As we have seen, the MemN2N model that Rob is using here has some noticeable characteristics. First, its input data is pre-loaded in memory, and is accessed in arbitrary order. Second, it performs serial access to the memory over time. Third, it employs end-to-end training with back propagation. Rob also notes that, to extend this model, one can develop a writable memory, or apply it to games together with reinforcement learning models.
Communication neural network
The CommNN is drastically different from the other model. It is composed of separate neural networks as streams, and each data point has its own processing stream. The model performs continuous broadcast communication channel between streams, while streams must learn to communicate to solve a task. For the training process, streams need to learn Multi-agent Communication with Back-propagation.
CommNN model structure
As shown in the figure below, CommNN has a parallel structure sets of streams. Each data point is converted to a stream through an embedding function, and each embedding will pass through a neural net module (does not matter what neural net it is).
What links the streams is a sequence of communication hops between them. In each hop, the hidden states of the streams will be propagated as inputs to the modules of the next hop. Each module receives two inputs: the first one is the hidden state of the previous module; the second one is a value distributed from the communication channel during the hop, which sums all the hidden states.
In fact, this conversion of hidden states during one single hop can actually be seen as one matrix operation:
While it is obvious MemN2N and CommNN are very different in many aspects, the difference between the process of approaching best output is our biggest interest. In MemN2N, there are sequential accesses between the controller and memory modules to find the best answer, while in CommNN, the process is parallel, with distributed streams and no central controller. In CommNN, all streams need to “chat” with each other to figure out the correct answer.
Apply with CommNN
“bag to sequence” game – It turns out the model is also able to deal with “bag to sequence” problem, which is to arrange a set of words into correct order to form a meaningful sentence. With 2 hops, Gigaword, 5 words, 2 layer MLP one stream, the error per word of this model is 26%, compared with 40% of 5-gram by KenLM.(http://kheafield.com/code/kenlm/)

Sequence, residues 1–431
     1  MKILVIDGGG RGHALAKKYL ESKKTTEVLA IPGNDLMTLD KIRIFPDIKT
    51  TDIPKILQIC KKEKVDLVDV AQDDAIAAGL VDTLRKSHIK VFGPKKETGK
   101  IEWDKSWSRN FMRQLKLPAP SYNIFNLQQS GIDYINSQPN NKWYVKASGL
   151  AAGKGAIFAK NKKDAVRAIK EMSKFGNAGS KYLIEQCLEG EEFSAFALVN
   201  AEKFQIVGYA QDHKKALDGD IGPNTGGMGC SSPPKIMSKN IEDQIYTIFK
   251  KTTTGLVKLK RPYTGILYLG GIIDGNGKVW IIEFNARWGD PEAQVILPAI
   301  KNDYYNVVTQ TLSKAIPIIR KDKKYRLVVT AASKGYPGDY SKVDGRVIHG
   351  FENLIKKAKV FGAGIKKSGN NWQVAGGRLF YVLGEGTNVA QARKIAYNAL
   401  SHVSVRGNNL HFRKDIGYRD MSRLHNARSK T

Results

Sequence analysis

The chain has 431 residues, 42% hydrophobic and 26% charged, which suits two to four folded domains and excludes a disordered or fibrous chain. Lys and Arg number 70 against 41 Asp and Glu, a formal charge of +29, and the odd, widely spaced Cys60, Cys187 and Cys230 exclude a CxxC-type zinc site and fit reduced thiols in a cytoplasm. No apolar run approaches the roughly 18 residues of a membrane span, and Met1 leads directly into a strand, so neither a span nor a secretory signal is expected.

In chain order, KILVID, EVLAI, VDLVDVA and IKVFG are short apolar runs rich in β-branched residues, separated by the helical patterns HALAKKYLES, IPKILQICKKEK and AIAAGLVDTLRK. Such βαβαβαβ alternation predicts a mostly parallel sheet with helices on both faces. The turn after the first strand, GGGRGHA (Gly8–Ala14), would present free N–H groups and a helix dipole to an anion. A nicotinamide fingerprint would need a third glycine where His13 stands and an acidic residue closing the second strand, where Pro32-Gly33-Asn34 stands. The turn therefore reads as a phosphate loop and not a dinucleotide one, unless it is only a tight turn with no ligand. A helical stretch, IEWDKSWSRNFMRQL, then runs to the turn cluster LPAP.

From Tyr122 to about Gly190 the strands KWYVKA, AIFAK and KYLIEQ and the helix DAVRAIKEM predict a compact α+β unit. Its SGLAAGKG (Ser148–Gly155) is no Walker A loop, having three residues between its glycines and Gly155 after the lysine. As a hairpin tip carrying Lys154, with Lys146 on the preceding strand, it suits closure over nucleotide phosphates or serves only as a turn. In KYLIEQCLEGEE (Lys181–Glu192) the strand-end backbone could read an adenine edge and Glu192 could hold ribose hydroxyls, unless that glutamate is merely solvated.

Traffic junction control – A natural setting for CommNN is Reinforcement Learning. In a multi-agent reinforcement learning, each stream of CommNN is an agent, and agents collaborate to solve a given task. The reward from the environment is shared equally by these agents. It turns out that this application works pretty well on problems like traffic junction control. Rob played a couple of demos on this. Below is the comparison of performing the task with and without the model, and the influence of choosing different ways of communication.
How do agents communicate?
You may wonder, how do agents in CommNN actually “communicate”? What pattern do they perform? Is this structure reasonable?
In the traffic junction control experiment, it turns out that not all agents are giving off messages all the time. Instead, from the PCA(Principal component analysis) graph, we can see that majority of the agents are quiet for the most of time, waiting for message from other agents, while there are small groups of agents sending out messages from time to time (cluster A, B, and C). The graph of corresponding hidden vectors verifies this pattern.
It is worth noting that CommNN is a distributed NN model, which means it is more appropriate for tasks where input and output are sets. Moreover, the models learn sparse communication protocol. To further extend the model, one can combine it with RL for MARL problems. If you check the original video, Rob has more detailed explanations and examples on how he actually tried those applications, and how the results were.
Related Paper/Resources ( Suggested Readings )
- End-to-end Memory Networks(MemN2N): Sainbayar Sukhbaatar et al.( https://arxiv.org/abs/1503.08895)
- Hard Attention Memory Network [Weston et al. ICLR 2015]
- RNN search [Bahdanau et al. 2015]
- Recent works on external memory:
- Stack memory for RNNs [Joulin & Mikolov. 2015]
- Neural Turing Machine [Graves et al. 2014]
- Early works on neural network and memory
- [Steinbuch & Picke. 1963]
- [Taylor. 1959]
- [Das et al. 1992]
- [Mozer et al. 1993]
- Concurrent works
- Dynamic Memory Networks [Kumar et al. 2015]
- Attentive reader [Hermann et al. 2015]
- Stack, Queue [Grefenstette et al. 2015]
- Sequence to sequence [Vinyals et al. 2015]
- Graph Neural Networks
- Gori et al., IJCNN 2005;
- Scarselli et al., IEEE Trans. Neural Networks, 2009
- Gated Graph Neural Networks
- Li, Zemel, Brockschmidt & Tarlow, ICLR 2016
- Concurrent work
- Foerster et al. [NIPS 2016]
- Graph Neural Networks